Hall of Fame

Suzanne Jones Walmsley
Track & Field

Graduation Year


Induction Year


Hall of Fame

Harvard Athletic Achievements

Suzanne was the 1991 Radcliffe College Alumnae Association Award winner. She was a five time All-American and eight time All-Ivy honoree. In 1989 she was the country’s fourth-ranked, and number one collegian, 10,000 meter runner. A runner-up in the NCAAs in the 10,000 in 1989, Suzanne won two ECAC individual titles and was an NCAA District I cross-country champion. Also during her time with the Crimson she was a member of the 1989 U.S. World University Games track & field team.

Hall of Fame

Remembering Harvard Athletics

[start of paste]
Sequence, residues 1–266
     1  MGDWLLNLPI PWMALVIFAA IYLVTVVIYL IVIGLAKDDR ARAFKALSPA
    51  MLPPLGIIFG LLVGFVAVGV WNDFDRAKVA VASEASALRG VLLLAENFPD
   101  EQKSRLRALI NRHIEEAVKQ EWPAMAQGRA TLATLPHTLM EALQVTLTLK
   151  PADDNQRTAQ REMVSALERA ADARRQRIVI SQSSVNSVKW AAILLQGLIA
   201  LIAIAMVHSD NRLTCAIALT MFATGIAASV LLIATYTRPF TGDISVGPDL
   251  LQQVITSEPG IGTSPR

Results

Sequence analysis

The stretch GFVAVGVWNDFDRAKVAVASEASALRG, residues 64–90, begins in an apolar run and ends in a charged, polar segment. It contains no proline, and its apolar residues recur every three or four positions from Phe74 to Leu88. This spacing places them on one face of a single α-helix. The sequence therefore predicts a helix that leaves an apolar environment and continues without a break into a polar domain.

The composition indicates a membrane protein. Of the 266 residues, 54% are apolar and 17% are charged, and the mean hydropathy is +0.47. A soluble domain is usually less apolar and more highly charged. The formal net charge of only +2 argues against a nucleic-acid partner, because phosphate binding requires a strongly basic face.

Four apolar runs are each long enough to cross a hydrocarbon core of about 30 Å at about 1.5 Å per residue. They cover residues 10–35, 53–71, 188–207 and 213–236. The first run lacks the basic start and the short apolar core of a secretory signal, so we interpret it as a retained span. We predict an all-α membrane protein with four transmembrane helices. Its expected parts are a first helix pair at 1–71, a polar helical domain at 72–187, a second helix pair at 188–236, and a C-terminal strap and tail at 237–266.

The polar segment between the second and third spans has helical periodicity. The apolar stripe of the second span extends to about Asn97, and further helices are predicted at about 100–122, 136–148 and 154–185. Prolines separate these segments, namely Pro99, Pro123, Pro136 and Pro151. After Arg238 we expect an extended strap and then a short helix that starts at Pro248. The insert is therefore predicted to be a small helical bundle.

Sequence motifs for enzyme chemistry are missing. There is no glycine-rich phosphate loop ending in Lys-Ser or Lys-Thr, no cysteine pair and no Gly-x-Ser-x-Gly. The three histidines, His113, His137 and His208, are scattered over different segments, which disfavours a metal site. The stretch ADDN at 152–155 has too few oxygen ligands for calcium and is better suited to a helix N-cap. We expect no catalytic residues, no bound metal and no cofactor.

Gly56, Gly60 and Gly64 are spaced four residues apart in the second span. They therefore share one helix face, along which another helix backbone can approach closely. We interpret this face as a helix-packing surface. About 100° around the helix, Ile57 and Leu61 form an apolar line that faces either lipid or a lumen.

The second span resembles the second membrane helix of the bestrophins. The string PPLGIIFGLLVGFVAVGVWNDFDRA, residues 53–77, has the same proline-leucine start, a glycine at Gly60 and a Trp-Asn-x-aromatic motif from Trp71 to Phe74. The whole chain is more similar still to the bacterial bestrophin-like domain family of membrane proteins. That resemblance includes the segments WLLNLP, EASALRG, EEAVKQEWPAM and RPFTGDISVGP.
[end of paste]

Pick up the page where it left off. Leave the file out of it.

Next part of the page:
“With Crimson in triumph flashing, ‘midst the strains of victory, old Eli’s hopes we’re dashing into blue obscurity….” As I sat at my desk studying, the words of this familiar song could be heard in the distance. It was the Tuesday night before The Game in 1988. This was my first semester at Harvard, having transferred from the University of Maryland at College Park after my freshman year. I was living in an off-campus apartment at 29 Garden Street as transfers were not allowed to move directly into a House. ‘Boy, these Harvard students really start their partying early’ I thought as I resumed my reading, thinking it unusual that the celebration had traveled beyond the main campus. While I tried to concentrate, the singing grew louder. ‘Great’, I thought. ‘I just hope that this party ends early.’ I would not be attending The Game as I was flying out to Ames, Iowa to compete in the NCAA Division I Cross Country Nationals. Now, I was trying to get ahead on my schoolwork before I left for the championship. The singing grew louder still and soon it was accompanied by a knock on my door. Momentarily startled, I opened the door cautiously. I was stunned to see the members of the women’s cross country team standing at my door, carrying a fro-yo cake inscribed with the words “Good Luck, Suzanne!” They had come to deliver a few gifts and their best wishes. I was truly touched. While none of them would be accompanying me to Iowa, I knew that they would be thinking of me on Monday and I of them. Their support and encouragement all season had been beyond my expectations and I would draw on this when I raced, hoping to represent our program well. The following night, I was greeted with similar good luck wishes from the men’s team during dinner at Kirkland House. They presented me with a Harvard Cross Country t-shirt signed by each member of the team. Again, I was caught off-guard and moved by their support. My teammates were truly excited for me and it made my participation that much more meaningful. Success is much more fun when it is shared. I knew that, no matter how I raced, my teammates were proud of me and I wanted to prove that their confidence in me was well-placed. My race did go well and I was named All-American. On the ride back to the airport, I wrote a note to my teammates, thanking them for making me feel welcome in my first season, for challenging me to achieve, and for being good friends. “Thanks to you,” I wrote, ‘we are all All-American.” It has been almost 18 years since I earned that first All-American certificate. I knew then, as I do now, that as important an accomplishment as that was for me, what made my athletics experience significant were the relationships that I had with my teammates and my coaches. It is truly a gift to be a member of a team: to be a teammate, to be a friend. While I am admittedly terrible about keeping in touch, the memories of the days spent practicing and competing with these extraordinary individuals remain near and dear to my heart. My teammates and coaches are forever a part of me and I cherish the memories of the carefree afternoons we spent together down at Soldiers Field. Success is not achieved in a vacuum and as such, I share this induction with so many people who helped make it possible. First, my parents and my sister who, despite my serious lack of athletic ability, always made me feel like I could accomplish anything. Years of trying everything from dance to figure skating to team sports eventually led to running where I finally found my talent. Had I ever realized how awful I was at all of my earlier endeavors I might never have had the confidence to keep trying new things. Thanks, Mom, Dad, and Courtney for not cluing me in! My parents were always telling me to “just do your best and have fun” and they meant it. I have also been blessed with extraordinary coaches whose knowledge of the sport and ability to motivate their athletes is unparalleled. I realize now that to have had one such coach is a gift, but to have had several is a miracle. My high school coach, George Rose, saw my determination to succeed and worked with me every step of the way to help me accomplish my goals. He turned a novice runner into an All-State competitor and prepared me well to take the next step in college. Charles Torpey, my coach at Maryland, helped me transition to college running and set the bar high. It is no coincidence that the pinnacle of my running success was achieved at Harvard. Frank Haggerty is a teacher in every sense of the word. He can see straight into the hearts of his athletes and accepts them for who they are without judging. He gets to know the “young students” as people and this makes him even more effective as a coach. He is truly invested in their growth and development, not only as athletes, but as people as well. I learned much about leadership and motivation by observing him. In all the years that I have known Frank, I have never heard him yell or seen him get angry – and I’m sure that he’s had plenty of cause for both! He is direct and honest, but kind and, in addition to making me a better athlete, made me a better person as well. Ed Sheehan recruited me to Harvard and, as such, is directly responsible for my being here today. Sadly, Ed passed away last year, but I was fortunate to have had the opportunity to thank him for his coaching years ago. He was always willing to meet to help me prepare for a particular race course or to face a specific competitor and to help me develop a racing strategy. Our Thursday morning breakfasts at Kirkland House to prepare for the upcoming weekend’s race helped me enormously and I am eternally grateful for the gift of his time and energy. There were so many others at Harvard who went out of their way to make my time here so special: While they did not coach me directly, Walter Johnson and Al Bashian were great supporters and always there to cheer me on or congratulate me after a meet. The athletic administrators were extraordinary and they inspired me to pursue a career in college athletics. Their tireless efforts to provide the best athletic experience for Harvard student-athletes did not go unnoticed and I count many of them among my mentors. The members of the Friends of Harvard Track always had a kind word for me at the meets and ensured that the opportunities were there for me to compete and achieve at the highest level. And finally, my teammates helped make the experience fun and were an important part of an extraordinary time in my life. I am truly humbled by the honor of being inducted into the Harvard Athletics Hall of Fame. I have always been proud to have been a Harvard athlete and I am overwhelmed at the thought that Harvard is proud to include me with such a tremendous group of student-athletes.